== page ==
Regardless of industry, if one is in the IT world, they are going to feel this change increasingly as time passes.  If you're serious about a career, and "young" (physically or mentally), it's time to broaden your horizons.  If not, you may end up stuck in a job which is neither fulfilling or well paid.  You can do better.

john

Leadership Coach

About

John M. McKee is the founder and CEO of BusinessSuccessCoach.net, an international consulting and coaching practice with subscribers in 43 countries. One of the founding senior executives of DIRECTV, his hands-on experience includes leading billion d...

19 comments
gregorio_pvk
gregorio_pvk

I'm ready for the journey. BORN 1960 = baby boomer, BUT born in Spain, IN WHICH country after 35 you're too old for the job. BEEN IN IT for > 25 years. COBOL, 370, CICS, IMS DB/DC, ASM370, JCL, TSO ... + so many many things ... BUT CONSIDERING AGE + Mainframe-Base Shrinkig = ZERO AND ALTHOUGH I was working for Micro Focus (Yes!) for 10 years & having a Univeristy of Houston endorsed EMBA THEN: I'm ready to flee to the US or Australia, or wherever for the salary of a newbie. ... and I guess it's a WW situation: like in cavitation, everybody relocates to fill a gap. Every particular as a result lives better. The trouble is for companies: Vacancies, new people ... BUT let?s thik of it as a positive circumstance ...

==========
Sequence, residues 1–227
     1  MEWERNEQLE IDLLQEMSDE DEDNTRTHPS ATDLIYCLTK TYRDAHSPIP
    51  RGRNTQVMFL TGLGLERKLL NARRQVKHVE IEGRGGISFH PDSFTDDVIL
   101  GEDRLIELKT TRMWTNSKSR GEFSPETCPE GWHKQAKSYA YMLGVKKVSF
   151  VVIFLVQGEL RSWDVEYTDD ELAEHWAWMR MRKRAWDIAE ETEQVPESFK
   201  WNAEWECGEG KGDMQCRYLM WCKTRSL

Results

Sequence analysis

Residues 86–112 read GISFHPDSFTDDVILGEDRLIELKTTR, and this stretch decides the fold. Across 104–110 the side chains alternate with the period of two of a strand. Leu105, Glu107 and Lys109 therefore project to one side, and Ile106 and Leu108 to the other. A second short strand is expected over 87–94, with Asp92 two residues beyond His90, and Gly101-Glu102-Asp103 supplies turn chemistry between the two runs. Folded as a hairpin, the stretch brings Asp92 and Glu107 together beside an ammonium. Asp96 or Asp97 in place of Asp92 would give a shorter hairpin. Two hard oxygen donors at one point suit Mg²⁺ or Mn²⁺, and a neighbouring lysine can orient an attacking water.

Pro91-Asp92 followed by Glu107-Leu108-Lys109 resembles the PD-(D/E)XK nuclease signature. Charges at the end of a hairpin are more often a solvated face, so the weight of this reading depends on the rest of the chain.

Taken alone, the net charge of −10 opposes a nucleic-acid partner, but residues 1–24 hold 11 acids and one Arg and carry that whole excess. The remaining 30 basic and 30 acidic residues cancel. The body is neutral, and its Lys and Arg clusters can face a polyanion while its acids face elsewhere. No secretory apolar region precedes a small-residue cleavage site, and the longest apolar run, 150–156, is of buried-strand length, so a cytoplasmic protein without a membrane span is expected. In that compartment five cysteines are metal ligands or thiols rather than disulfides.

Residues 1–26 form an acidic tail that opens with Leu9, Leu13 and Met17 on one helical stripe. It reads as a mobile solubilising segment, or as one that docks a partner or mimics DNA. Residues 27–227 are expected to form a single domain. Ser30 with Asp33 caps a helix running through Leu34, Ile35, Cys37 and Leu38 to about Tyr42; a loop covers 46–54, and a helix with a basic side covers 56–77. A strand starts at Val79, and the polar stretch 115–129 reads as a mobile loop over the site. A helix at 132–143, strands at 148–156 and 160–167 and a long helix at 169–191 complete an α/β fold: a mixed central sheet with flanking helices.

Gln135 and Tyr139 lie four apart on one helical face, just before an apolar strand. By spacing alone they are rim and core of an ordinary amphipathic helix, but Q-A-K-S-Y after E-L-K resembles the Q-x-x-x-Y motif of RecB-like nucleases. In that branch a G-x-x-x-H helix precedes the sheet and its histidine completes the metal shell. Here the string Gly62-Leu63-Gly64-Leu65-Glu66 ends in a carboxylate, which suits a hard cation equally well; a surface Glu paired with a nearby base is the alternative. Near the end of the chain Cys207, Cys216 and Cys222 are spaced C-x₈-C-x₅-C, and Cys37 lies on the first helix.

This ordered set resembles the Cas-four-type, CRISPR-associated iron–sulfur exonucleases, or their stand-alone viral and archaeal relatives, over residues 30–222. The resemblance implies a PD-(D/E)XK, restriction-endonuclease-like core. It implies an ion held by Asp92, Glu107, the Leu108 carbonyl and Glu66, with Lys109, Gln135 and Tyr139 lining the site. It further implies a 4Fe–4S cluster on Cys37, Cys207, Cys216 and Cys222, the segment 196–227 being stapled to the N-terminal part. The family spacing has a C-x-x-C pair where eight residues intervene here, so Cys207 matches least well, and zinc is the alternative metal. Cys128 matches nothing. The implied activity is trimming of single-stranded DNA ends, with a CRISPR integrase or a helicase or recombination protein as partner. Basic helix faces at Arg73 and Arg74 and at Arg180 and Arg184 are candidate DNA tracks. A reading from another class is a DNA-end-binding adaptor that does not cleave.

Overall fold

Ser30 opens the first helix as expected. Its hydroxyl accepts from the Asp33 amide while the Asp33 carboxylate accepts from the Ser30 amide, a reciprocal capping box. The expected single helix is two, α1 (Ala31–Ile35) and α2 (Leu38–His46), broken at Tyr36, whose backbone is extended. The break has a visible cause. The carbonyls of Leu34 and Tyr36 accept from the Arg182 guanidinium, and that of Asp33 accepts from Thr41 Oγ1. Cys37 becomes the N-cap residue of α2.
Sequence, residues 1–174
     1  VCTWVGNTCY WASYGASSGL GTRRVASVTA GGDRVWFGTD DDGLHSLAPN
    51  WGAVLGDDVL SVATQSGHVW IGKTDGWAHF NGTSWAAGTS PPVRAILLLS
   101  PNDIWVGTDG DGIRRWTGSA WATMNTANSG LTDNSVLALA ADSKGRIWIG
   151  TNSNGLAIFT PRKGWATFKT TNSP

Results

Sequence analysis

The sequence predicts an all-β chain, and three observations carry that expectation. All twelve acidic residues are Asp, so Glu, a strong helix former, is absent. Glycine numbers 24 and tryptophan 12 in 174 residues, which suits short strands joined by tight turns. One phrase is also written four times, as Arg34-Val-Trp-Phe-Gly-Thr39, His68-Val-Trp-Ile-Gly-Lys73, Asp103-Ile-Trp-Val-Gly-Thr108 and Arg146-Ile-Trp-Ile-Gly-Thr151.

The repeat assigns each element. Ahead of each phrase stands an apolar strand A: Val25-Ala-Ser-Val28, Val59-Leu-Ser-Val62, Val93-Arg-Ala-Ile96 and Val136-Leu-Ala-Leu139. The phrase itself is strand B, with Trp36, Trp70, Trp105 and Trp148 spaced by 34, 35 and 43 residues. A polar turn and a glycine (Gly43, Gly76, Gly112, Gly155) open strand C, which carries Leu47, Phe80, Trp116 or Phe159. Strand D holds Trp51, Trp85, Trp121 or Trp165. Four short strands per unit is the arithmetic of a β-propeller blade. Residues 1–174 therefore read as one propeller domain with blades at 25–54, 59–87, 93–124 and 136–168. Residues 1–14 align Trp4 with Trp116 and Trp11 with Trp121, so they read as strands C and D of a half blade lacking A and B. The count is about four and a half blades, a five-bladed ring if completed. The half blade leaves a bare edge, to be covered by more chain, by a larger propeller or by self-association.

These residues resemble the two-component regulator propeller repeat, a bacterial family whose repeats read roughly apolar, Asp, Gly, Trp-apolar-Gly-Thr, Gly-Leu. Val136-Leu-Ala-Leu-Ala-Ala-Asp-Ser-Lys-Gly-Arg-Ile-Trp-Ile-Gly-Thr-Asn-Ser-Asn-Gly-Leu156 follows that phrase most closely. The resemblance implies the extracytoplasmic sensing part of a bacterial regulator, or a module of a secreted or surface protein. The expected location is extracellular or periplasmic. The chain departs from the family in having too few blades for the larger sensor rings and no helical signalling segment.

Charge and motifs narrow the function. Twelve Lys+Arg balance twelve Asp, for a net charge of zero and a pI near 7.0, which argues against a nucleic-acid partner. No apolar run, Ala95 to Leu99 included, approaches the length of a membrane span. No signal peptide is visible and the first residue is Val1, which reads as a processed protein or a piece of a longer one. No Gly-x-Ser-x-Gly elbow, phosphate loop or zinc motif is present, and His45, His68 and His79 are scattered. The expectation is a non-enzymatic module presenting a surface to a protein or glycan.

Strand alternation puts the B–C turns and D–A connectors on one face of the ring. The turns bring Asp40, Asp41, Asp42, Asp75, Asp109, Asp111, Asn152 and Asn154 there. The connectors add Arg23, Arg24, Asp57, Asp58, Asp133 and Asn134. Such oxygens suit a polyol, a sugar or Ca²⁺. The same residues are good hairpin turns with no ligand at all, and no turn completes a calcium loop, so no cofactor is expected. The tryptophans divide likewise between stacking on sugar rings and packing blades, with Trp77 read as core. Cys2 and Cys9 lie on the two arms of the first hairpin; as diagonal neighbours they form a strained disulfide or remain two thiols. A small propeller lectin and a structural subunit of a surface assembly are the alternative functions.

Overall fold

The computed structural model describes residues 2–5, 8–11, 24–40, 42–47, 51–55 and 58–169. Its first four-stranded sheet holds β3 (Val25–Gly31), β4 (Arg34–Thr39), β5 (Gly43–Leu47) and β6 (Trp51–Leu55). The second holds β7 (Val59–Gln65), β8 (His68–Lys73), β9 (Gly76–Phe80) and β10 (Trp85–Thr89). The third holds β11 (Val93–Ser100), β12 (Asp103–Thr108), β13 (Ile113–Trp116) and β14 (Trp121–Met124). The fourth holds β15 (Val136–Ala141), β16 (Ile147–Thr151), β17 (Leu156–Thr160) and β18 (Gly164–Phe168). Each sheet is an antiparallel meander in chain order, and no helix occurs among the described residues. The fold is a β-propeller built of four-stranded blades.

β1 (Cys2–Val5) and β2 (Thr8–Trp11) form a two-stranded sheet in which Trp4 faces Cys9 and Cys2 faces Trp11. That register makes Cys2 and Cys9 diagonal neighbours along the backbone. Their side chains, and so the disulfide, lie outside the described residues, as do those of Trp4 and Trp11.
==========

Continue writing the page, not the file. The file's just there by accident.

JohnMcGrew
JohnMcGrew

It almost seems like America is no longer seen as the land of opportunity. Yes, my wife and I discuss this every so often. She has worked overseas, and is willing to do so again.

capodieci
capodieci

As per subject. Not my case tho: I moved 1000 miles away, THEN I got a job! :)

larrie_jr
larrie_jr

How does one find these types of opportunities? How does one complete the 'interview' process? Where do I sign up??? This friggin' economy is killing me. I went into consulting and contracting to gain experience in many differnet skills (soft and technical) and at the time, it was a sound decision. Now that I've gained the experience, and am tired of working for myself in this feast or famine field, I too am looking for work. I am sooo tired of being in the top five (out of 1500 applicants) and not getting the top spot... it's happened more than once now and is becoming quite demoralizing. My youngest child has just turned 21 and my wife and I are ready to travel the world. It would be cool to do it in a working situatuion; Ireland comes to the forefront... so if anyone knows of the resources neccesary to achieve this type of thing, PLEASE PLEASE PLEASE... post a link?

trapper
trapper

o Yes, even for less money, if the locale met my/our lifestyle choices.

PMPsicle
PMPsicle

Having travelled I would love to do it again. And the chance to introduce my family to another country would be wonderful. However ... The chance to change jobs, to introduce a new set of issues, problems and solutions would be just as wonderful. To do both? Certainly would be interesting. And, in fact, I'm trying to make that a possibility for the near future. The point is that, in today's world, either type of change should be embraced. However, with family comes responsibility and sometimes it's just easier to switch careers. And sometimes, changing careers is a desirable choice. The final choice really should have been "No, I'll just starve if I have to". Glen Ford, PMP http://www.trainingnow.ca http://www.learningcreators.com/blog

EnterpriseITGuy
EnterpriseITGuy